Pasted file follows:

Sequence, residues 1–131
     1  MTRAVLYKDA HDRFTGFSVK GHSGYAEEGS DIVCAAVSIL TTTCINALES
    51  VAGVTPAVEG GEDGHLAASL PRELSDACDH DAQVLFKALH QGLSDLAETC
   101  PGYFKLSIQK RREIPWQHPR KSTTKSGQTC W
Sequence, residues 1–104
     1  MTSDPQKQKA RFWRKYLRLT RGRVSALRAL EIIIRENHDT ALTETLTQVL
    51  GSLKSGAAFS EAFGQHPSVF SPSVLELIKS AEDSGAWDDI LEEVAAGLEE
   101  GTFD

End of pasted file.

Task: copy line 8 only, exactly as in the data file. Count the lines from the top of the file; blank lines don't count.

   101  GTFD